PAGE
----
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Globalization in Cyberspace and Its Outcomes for National Citizenship through the Perspective of “Cultural Citizenship”
The first meeting of the second set of Professional Meetings of UNESCO Chairs in Culture and Cyberspace in 2017-2018 academic year was held in Iran Hall of the Faculty of Orld Studies on Tuesday, October 10. Farzane Siasi Rad, alumnus of Cultural and Media Studies of the Faculty of Social Sciences spoke at the meeting about “Globalization in Cyberspace and Its Outcomes for National Citizenship through the Perspective of ‘Cultural Citizenship’”.
Clash of the nationalities as political units with the outcomes of globalization has expanded due to the new communication technologies. This can be regarded as the most important issue against national and civil identities in the contemporary era. This issue, which more accurately could be called globalization in the context of the second space, has brought about a revision of the concept of citizenship.
To provide a proper image of the impacts of cyberspace on the citizenship status of users, considering the current capacity of literature on citizenship, the theories of “cultural citizenship” seem to be practical. “Cultural citizenship” is one of the latest theories about citizenship. It focuses on the incapability of traditional citizenship theories in their response to new phenomena since the emergence of global media cultures. “Cultural citizenship” concentrates on the necessity of redefining cooperation and the elements of national citizenship and also on the special role of citizens (users) in redefining and debating over these elements. Achieving this debating understanding in the context of citizenship requires a complete connection and relationship between three seemingly separate sections. (1) Generating a realization of national citizenship in the real space; (2) quality and nature of cooperative acts between users and the construction of citizenship elements in the second space; and (3) the debates between these two frameworks of citizenship.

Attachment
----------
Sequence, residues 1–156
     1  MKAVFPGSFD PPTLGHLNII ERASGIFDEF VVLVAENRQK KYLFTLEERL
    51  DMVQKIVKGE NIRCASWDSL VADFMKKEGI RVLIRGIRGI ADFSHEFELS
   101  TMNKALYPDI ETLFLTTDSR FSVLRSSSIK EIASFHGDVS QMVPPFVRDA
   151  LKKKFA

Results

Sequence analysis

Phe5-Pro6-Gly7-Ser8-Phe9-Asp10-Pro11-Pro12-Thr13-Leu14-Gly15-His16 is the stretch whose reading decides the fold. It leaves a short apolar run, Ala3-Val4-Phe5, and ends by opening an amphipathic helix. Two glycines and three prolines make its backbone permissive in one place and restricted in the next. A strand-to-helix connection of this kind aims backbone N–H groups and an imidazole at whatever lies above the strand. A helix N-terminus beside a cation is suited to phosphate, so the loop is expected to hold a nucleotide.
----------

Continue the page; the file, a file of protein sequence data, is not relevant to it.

The first part of the model seeks a better understanding of the status of users’ national citizenship in the real space. It is in relation with the understanding of national citizenship and its elements through the traditional theories. According to the traditional theories of citizenship, the elements of rights, responsibilities, connection, and feeling are considered the main elements in defining national citizenship in political, social, civil, and cultural dimensions.
Replacement Models of Citizenship
Understanding the nature of new user cooperation in cyberspace is the result of a set of “cultural citizenship” theories that are mostly rooted in the tradition of cultural studies. These have considered the role of media in promoting civil capabilities in the contemporary era. This set of theories focuses on the priority of media and communication technologies as the medium between citizens and central spaces to produce culture, knowledge, and cooperation.
Paining this space is mostly indebted to sociology theorists. According to this set of theories, what ultimately leads to the feeling of membership and cultural inclusion is the communicational, symbolic, and debating acts of citizens in everyday life. In this sense, the construction of national and citizenship identity must be sought in the context of these very acts and in the framework of cooperation in the second space.